In April 2019, Catherine Todd of Forbes magazine gushed about the Judean Hills as one of Israel’s up-and-coming wine regions.
Todd wrote that in recent years, young winemakers had made their way back to Israel from abroad to open boutique wineries and revive an historic industry.
“Old terraces carved into the rock and ancient limestone wine presses hint towards winemaking that goes back for thousands of years,” she wrote.
The area is indeed filled with archaeological evidence that wine was made here thousands of years ago. There’s even written proof: In the Bible, Jacob gifts his son Judah with this choice region for winemaking(Genesis 49: 11-12) – hence its name.
However, incredibly, modern winemaking here is as new as the last 30 years or so.
The task has been taken on by some 30 wineries that have popped up during that short time period, 20 of which are considered boutique. Experts say the Judean Hills region is the fastest-growing wine region in Israel.
Geographically speaking, the Judean Hills is a central area that separates Israel’s Mediterranean coast from Jerusalem, covering such areas as Beit Shemesh, Yatir Forest, Gush Etzion, the Elah Valley and the Judean coastal plane.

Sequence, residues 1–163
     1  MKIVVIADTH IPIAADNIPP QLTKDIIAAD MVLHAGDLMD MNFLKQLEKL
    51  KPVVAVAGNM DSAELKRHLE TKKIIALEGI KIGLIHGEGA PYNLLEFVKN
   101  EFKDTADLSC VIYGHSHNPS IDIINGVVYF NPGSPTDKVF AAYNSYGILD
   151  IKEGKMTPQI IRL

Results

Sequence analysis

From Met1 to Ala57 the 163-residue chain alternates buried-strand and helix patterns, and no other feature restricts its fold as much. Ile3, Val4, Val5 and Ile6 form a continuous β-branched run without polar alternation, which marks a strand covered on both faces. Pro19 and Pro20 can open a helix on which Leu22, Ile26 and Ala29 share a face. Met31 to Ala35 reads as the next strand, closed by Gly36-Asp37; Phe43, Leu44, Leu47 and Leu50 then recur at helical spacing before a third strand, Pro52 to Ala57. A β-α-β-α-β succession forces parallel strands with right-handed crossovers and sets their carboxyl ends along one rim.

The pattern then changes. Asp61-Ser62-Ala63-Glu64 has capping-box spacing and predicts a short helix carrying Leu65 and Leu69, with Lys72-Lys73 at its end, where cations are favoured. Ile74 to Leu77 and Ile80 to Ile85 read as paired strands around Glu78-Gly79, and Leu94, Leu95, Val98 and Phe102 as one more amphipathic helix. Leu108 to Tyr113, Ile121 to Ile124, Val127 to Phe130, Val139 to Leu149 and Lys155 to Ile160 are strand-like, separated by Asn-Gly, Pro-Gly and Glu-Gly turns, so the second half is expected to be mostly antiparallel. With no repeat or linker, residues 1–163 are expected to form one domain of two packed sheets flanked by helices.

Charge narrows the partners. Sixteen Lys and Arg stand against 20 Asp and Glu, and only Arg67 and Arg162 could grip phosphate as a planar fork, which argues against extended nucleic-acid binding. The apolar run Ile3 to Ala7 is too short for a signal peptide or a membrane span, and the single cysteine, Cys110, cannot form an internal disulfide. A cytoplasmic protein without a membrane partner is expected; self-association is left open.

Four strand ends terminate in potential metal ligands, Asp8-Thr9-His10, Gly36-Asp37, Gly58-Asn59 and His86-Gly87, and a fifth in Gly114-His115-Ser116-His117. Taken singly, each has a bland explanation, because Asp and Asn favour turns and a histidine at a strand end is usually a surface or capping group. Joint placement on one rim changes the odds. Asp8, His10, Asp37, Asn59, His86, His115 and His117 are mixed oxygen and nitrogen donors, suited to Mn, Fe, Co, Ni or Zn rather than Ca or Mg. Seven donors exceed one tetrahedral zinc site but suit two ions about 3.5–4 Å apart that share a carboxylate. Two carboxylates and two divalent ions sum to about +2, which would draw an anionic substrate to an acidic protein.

The region’s rocky hills rise from 400 to 1,000 meters (1,312 to 3,280 feet) above sea level, punctuated by plentiful boulders, evergreen trees and shrubs.
Along with mineral-rich red clay and tuff soils, it is most importantly the limestone bedrock that contributes to this region’s ability to produce high-quality white wines marked by a certain quality of minerality.
Spiritual and physical connections
Gush Etzion in the northern Judean Hills (“the Gush”) is an area made up of 22 Jewish communities of varying sizes sandwiched between Bethlehem to the north and Hebron to the south.
The area known for its high elevation (which nears that of the tallest part of the Golan Heights) and occasional winter snowfall is not lacking in artist workshops, biblical-era sites like Herodian (Herodium), ancient mikvehs, and the naturally terraced hills that enjoy views all the way down to the Mediterranean coast.